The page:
A business that has been in existence for some time or was simply set up to compete in a market by copying others can continue to function without much need for Strategy if the management team and investors are content with this approach.
They tend to be very operational and spend their time working on systems and customer relationships. Not all businesses see the need to be thinking of Strategy all the time.
Strategy is most often reviewed when a business is undergoing a change in the circumstances around it, such as a merger or acquisition or investing in new plant or machinery. Excellent well run businesses do two things:
1. They review Strategy on a regular basis to ensure it fits with all external and internal factors.
2. They ensure that the current Strategy or strategic direction is embodied into the culture of their businesses.
Without a clear strategic direction it is impossible to effectively manage, change or develop a business. Any decisions made by the management team will be arbitrary without a clear Strategy, no matter how much rigor is applied to analysis. Employee motivation is often closely linked to the ability of the management team to create a competent Strategy and communicate it throughout the organisation frequently.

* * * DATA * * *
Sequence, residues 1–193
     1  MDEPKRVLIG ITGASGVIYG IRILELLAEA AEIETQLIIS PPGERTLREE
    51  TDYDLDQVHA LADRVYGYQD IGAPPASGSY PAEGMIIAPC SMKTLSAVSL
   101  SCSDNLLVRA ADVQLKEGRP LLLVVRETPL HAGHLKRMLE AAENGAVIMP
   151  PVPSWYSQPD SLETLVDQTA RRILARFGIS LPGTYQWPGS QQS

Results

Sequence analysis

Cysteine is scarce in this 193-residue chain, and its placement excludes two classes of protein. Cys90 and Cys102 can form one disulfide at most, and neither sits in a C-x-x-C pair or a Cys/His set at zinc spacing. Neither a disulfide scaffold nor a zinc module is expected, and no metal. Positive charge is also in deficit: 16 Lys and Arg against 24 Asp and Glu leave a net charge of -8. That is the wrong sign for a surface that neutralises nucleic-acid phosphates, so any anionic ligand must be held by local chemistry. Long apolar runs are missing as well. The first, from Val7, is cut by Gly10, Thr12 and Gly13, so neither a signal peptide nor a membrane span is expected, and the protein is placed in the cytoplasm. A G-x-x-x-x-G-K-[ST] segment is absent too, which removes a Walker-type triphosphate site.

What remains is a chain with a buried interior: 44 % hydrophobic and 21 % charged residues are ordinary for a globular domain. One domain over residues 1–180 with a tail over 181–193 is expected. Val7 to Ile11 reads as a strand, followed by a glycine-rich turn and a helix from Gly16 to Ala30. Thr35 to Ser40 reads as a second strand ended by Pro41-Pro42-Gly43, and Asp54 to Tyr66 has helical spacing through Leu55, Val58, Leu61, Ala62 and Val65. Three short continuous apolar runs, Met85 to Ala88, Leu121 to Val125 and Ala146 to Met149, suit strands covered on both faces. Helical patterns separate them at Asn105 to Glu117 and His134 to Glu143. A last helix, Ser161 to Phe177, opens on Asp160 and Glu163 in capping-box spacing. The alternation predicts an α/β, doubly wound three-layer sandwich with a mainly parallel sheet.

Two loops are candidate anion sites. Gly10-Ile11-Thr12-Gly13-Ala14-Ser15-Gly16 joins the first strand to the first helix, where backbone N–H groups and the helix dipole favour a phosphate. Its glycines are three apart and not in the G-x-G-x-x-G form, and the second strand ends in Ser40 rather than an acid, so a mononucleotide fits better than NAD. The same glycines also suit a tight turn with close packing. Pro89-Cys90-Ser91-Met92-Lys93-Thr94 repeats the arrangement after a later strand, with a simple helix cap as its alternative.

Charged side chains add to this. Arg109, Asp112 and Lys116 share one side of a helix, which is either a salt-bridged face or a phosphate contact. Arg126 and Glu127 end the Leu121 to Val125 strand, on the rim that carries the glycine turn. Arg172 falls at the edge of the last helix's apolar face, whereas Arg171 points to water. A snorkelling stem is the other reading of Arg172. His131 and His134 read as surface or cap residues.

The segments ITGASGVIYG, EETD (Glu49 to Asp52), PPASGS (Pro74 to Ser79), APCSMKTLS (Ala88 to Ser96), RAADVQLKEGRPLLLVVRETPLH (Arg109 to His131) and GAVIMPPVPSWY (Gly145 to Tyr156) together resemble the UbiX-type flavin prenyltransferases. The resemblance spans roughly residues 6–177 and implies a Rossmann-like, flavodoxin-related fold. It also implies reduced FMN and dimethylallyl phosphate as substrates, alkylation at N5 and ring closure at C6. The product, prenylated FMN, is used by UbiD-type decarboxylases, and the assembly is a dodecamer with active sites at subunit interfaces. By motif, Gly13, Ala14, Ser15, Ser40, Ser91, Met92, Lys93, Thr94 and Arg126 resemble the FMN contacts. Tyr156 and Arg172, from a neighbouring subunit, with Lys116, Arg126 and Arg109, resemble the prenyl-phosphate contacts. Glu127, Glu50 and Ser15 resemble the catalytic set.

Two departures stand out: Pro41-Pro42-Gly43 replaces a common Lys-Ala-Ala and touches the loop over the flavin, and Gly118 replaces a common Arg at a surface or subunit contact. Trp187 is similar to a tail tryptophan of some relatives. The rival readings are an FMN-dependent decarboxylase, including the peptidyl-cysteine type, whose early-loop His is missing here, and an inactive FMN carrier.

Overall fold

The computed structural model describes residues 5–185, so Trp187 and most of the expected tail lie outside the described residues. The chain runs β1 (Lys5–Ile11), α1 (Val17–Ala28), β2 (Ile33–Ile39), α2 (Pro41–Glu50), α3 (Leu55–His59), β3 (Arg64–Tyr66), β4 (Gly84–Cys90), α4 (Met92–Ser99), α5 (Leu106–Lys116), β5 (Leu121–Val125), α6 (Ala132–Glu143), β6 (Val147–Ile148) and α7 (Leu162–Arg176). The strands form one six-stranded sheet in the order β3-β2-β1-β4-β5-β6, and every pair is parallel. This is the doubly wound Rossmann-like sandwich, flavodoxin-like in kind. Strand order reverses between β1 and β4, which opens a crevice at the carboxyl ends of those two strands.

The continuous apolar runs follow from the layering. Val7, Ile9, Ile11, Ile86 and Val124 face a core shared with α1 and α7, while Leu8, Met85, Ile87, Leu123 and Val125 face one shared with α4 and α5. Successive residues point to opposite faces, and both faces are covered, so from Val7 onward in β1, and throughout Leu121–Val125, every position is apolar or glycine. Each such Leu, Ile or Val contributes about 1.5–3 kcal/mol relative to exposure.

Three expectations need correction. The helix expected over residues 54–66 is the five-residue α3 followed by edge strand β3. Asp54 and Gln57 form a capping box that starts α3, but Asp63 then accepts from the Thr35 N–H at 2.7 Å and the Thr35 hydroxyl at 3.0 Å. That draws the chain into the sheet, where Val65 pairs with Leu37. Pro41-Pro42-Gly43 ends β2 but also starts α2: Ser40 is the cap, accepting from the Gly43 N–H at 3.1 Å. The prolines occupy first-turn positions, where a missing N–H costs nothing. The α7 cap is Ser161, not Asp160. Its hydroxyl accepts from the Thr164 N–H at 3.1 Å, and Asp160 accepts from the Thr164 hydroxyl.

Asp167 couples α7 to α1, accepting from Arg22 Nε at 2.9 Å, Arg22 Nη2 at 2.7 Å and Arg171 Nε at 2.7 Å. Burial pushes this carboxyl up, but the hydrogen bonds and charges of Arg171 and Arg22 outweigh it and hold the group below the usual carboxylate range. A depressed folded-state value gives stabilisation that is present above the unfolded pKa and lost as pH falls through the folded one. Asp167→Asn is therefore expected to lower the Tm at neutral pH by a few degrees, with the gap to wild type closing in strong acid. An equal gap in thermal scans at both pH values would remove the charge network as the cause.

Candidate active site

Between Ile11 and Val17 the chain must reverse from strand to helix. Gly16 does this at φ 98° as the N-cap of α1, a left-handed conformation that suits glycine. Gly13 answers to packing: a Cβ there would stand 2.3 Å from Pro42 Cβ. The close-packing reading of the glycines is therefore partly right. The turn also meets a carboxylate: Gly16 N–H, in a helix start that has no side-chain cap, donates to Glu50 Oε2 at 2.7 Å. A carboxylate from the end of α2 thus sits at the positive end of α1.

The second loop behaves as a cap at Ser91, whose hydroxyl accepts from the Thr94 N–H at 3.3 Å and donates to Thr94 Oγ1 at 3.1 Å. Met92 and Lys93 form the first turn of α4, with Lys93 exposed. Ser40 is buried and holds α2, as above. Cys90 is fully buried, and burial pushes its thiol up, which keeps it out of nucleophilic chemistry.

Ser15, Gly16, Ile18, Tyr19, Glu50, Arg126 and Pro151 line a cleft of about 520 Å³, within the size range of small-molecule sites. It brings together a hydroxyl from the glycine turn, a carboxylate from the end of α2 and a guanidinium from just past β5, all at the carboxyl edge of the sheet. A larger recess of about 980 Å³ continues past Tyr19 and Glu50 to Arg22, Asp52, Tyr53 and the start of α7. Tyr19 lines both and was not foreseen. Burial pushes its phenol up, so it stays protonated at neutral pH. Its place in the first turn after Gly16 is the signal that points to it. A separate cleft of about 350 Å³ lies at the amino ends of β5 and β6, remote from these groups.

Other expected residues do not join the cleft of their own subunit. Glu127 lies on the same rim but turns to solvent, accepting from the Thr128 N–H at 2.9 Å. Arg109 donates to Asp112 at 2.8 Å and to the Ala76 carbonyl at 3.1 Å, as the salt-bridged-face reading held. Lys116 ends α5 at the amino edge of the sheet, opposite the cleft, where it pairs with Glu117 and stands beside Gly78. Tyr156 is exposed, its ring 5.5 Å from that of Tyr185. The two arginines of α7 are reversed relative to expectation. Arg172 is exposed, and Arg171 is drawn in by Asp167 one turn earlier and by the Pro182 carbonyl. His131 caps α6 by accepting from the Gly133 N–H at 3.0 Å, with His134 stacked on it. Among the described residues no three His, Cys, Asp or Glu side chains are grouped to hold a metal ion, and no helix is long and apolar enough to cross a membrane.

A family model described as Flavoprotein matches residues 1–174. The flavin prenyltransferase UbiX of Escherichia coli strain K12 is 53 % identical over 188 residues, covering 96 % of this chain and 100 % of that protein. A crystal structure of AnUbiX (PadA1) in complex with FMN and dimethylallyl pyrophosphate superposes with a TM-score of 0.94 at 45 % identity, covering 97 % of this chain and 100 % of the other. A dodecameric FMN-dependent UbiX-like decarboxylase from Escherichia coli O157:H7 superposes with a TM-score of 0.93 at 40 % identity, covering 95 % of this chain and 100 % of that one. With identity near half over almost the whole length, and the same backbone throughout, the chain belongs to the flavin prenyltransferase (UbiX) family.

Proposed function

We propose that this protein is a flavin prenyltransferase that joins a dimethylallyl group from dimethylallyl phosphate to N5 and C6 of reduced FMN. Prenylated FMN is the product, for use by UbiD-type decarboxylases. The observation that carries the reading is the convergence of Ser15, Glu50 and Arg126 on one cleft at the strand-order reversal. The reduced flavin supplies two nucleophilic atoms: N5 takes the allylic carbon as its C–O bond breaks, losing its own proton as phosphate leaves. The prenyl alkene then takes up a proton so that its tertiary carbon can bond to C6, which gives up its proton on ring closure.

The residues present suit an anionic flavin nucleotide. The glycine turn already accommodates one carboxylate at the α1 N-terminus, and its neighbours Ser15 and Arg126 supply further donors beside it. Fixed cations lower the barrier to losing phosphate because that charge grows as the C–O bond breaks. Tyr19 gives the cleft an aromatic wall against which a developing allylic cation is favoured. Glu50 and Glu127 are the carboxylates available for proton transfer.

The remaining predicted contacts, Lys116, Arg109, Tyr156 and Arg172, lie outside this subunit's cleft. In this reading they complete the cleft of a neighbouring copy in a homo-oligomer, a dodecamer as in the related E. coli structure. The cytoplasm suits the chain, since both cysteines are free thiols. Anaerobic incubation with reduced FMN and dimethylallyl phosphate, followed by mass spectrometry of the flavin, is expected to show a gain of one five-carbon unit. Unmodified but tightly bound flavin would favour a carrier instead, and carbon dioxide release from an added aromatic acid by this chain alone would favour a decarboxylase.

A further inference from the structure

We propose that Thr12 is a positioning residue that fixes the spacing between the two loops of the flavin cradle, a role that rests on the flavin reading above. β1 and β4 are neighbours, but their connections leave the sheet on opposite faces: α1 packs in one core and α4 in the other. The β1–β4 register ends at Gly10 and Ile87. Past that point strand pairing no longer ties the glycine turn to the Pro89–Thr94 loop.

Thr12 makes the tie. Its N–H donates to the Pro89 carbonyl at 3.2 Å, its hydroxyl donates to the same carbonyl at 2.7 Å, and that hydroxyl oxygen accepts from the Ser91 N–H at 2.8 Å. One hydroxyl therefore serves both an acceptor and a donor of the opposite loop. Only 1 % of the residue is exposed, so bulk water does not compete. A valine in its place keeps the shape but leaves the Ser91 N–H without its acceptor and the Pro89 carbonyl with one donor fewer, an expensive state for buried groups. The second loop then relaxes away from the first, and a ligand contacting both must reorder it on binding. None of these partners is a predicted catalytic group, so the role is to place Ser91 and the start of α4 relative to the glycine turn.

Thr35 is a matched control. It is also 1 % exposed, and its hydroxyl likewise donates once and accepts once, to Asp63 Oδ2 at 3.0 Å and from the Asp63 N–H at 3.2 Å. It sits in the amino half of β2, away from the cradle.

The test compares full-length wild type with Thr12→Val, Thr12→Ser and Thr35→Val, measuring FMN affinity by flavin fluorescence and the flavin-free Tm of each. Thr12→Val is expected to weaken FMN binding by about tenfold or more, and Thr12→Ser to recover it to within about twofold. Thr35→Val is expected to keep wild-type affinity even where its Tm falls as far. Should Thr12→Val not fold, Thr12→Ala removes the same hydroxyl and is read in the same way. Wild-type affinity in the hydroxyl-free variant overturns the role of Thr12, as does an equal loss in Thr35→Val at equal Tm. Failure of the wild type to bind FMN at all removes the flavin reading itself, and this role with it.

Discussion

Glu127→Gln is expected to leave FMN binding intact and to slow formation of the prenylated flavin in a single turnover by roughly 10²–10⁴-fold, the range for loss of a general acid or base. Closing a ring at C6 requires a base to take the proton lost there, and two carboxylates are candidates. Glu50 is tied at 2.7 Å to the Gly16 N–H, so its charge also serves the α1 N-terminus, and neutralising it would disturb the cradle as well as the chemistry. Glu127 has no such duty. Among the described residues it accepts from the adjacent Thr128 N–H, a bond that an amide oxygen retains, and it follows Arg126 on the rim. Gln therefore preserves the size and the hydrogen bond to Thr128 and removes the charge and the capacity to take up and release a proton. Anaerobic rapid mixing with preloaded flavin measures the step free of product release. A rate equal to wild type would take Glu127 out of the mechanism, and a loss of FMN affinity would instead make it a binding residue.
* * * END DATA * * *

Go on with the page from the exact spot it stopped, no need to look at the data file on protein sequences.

Winning strategies are often those designed and developed by the people that really know their business, its markets and competitors. A clear strategic direction can be understood at all levels in an organisation, from the boardroom to the shop-floor, if simple to use tools are used.
In any organisation where the Strategy and future direction of the business is clearly communicated and understood the employees and unions are both more engaged in the business and more supportive of the tactical decisions or steps taken by the management team to deliver the Strategy.
A lot of industrial relations disputes result from a lack of openness by the management team and suspicion by the workers of the motives of the managers. Staff buy-in and constant communication of the Strategy and tactical plans to deliver the Strategy are critical to its success. The key task is to simplify the Strategy so that it can be clearly communicated and understood, not to make it so complex that only a select few understand it.
To find out more about business competitiveness from PDQ Strategy call Stuart or visit www.pdqstrategy.co.uk